Finally, the Romanian IT sector has experienced significant growth over the last decade, considering its competitive advantage in terms of qualified workforce. With the pandemic having accelerated the adoption of technology, the digital sector has a chance to become the most important industry in Romania. According to the same EY Attractiveness Survey, last year 29 percent of investors saw the IT sector as the engine of the Romanian economy. We have just witnessed the largest IPO of a Romania-born company on the NYSE – UiPath – a tech company valued at EUR 20 billion. However, digital infrastructure inside the public administration remains poor, so major investments are still needed for the public sector to be efficient. The National Resilience and Recovery Plan supports Romania’s objectives in this sector too, as the digitalization of the public administration is another key element of this plan.
Last year brought us the opportunity to advance digitalization in medical and educational services. In the future, this will lead to significant annual cost savings, improve the population’s access to these services, and accelerate the growth of the private components of these two sectors. The new EY Attractiveness Survey for Romania, which will be launched on June 16, may change the ranking of industries perceived as having high potential for the country, considering the accelerated digitalization and the impact of the pandemic on foreign investors’ perceptions and priorities, which will be reflected in this year’s survey results.
To what extent do you think Romania was prepared to face a crisis before the pandemic started?
The COVID-19 pandemic had a significant impact across the world. However, it also triggered unprecedented responses through economic recovery packages which have managed to limit the damage caused by lockdown measures and by the slowdown in global trade.
A very important factor that contributed to Romania’s economic resilience after the coronavirus outbreak was its highly competitive mobile and fixed telecommunications infrastructure and especially the high degree of broadband penetration. These were the result of a strong historical competition between operators in this sector, which led to significant investments in their networks, making them capable to support the move to teleworking.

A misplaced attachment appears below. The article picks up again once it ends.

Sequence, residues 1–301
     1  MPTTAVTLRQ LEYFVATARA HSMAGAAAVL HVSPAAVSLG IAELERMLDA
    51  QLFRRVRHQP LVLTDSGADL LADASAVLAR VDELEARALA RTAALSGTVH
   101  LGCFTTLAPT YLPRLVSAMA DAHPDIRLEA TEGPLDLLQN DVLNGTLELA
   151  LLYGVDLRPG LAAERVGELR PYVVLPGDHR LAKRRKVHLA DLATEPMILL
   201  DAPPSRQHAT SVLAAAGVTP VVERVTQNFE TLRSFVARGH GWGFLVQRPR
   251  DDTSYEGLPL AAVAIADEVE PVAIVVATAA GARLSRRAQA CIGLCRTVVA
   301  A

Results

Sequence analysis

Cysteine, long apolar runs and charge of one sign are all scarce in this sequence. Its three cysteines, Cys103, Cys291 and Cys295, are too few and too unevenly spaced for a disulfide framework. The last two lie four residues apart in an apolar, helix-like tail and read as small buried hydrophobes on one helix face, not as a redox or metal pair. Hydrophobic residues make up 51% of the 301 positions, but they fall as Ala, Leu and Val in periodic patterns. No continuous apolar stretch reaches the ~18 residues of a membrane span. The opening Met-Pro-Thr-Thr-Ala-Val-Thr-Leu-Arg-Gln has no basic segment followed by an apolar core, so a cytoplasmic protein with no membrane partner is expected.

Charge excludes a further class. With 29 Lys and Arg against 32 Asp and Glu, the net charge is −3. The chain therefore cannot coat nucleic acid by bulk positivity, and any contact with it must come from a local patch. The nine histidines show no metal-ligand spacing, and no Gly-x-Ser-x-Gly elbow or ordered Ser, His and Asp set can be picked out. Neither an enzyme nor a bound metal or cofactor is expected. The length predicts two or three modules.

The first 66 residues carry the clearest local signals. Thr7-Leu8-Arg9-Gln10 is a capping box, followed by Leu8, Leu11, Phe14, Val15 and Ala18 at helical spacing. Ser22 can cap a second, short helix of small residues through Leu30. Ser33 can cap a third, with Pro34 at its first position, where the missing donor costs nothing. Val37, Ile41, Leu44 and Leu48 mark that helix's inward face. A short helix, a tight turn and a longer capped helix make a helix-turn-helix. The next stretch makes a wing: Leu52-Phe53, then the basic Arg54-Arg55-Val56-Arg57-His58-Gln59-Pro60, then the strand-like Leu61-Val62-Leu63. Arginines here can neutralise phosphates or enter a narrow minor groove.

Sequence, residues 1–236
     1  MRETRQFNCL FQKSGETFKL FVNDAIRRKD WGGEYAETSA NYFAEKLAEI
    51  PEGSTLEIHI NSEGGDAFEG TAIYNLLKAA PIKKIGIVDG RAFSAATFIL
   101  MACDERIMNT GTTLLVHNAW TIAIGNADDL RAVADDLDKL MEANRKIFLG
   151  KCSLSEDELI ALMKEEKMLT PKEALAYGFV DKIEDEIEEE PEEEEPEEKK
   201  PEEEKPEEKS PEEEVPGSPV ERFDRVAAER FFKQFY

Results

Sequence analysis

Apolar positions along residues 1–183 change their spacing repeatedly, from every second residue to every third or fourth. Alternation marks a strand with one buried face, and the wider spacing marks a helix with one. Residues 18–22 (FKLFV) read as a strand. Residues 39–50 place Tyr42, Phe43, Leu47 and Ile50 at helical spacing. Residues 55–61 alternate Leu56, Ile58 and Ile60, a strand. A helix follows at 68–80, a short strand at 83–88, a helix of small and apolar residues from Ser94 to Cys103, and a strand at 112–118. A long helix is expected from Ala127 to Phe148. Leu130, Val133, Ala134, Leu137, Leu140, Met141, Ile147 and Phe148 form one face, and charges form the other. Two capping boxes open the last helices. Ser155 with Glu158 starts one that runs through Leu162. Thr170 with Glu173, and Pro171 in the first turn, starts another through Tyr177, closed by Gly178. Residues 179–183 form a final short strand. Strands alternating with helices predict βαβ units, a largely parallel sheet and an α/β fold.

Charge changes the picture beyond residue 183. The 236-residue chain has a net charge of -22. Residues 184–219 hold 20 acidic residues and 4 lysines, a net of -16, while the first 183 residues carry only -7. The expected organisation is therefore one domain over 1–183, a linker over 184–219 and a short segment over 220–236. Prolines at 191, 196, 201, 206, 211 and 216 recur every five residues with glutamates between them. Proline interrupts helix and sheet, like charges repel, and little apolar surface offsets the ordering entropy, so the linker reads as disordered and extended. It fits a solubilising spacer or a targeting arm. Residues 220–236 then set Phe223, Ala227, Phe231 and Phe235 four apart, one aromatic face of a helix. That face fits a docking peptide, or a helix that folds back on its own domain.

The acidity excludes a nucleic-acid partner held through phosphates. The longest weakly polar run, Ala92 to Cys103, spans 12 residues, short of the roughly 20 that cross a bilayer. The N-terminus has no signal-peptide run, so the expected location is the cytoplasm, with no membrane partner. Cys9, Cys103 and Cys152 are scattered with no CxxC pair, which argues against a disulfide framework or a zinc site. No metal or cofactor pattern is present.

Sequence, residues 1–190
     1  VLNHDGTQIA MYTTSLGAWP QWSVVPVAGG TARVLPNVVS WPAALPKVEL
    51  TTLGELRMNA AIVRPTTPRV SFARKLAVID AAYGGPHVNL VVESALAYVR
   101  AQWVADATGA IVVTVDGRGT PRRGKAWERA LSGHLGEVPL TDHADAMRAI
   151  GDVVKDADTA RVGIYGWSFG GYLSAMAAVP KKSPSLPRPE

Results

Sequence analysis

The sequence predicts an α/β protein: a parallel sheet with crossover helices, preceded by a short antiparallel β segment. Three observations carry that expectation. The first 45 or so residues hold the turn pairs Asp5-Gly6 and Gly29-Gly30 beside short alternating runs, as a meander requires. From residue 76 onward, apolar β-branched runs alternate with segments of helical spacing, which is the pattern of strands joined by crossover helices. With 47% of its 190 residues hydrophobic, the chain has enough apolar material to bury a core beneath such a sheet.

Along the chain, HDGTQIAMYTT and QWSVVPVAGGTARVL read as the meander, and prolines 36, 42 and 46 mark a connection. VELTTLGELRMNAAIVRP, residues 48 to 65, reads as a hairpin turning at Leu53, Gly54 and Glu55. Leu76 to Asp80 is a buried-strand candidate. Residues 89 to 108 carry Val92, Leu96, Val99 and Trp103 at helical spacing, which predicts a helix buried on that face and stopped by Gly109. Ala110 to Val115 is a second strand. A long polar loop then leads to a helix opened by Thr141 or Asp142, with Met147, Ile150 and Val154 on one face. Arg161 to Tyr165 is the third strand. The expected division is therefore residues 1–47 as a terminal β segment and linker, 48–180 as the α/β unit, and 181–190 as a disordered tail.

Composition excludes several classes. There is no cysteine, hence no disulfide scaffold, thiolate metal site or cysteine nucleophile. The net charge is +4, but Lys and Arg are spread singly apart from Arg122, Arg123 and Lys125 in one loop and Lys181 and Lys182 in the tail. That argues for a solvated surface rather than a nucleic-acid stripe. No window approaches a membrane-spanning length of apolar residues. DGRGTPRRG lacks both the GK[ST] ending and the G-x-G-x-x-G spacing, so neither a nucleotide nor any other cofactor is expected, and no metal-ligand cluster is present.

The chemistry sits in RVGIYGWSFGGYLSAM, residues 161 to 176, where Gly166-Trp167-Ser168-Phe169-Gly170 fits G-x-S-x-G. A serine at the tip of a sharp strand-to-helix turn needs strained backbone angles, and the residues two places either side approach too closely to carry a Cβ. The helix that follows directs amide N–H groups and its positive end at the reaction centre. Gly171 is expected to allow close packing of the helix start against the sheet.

In Romania, the COVID-19 pandemic overlapped with a pre-existing health crisis, so issues such as poor organisation, material shortages, and the lack of a well-developed infrastructure were all exacerbated by the pandemic. Contrary to all predictions, the Romanian economy proved to be resilient, thanks to both direct infusions of cash – through economic recovery programmes and non-reimbursable fund schemes –and an increase in public investments.
The IMF predicts a 2.6 percent net increase for Romania’s GDP between 2020-2022, more than double the EU average of 1 percent. By comparison, in 2008-2010, Romania’s GDP dropped by 0.8 percent. Furthermore, the unemployment level shows that the additional financial support and the job retention policies have kept Romania’s unemployment rate stable, with only a minor increase of 0.6 percent (according to Eurostat) between February and December 2020 (compared to 1 percent for the same period of 2008). This is well below the EU average of 1.9 percent, proving that the pandemic’s impact on the labour market was better managed in Romania than in other European countries.
In any case, regardless of how prepared Romania was when the pandemic started, what is most important now is maintaining market optimism regarding the country’s recovery, as the sentiment can attract investments in this uncertain context.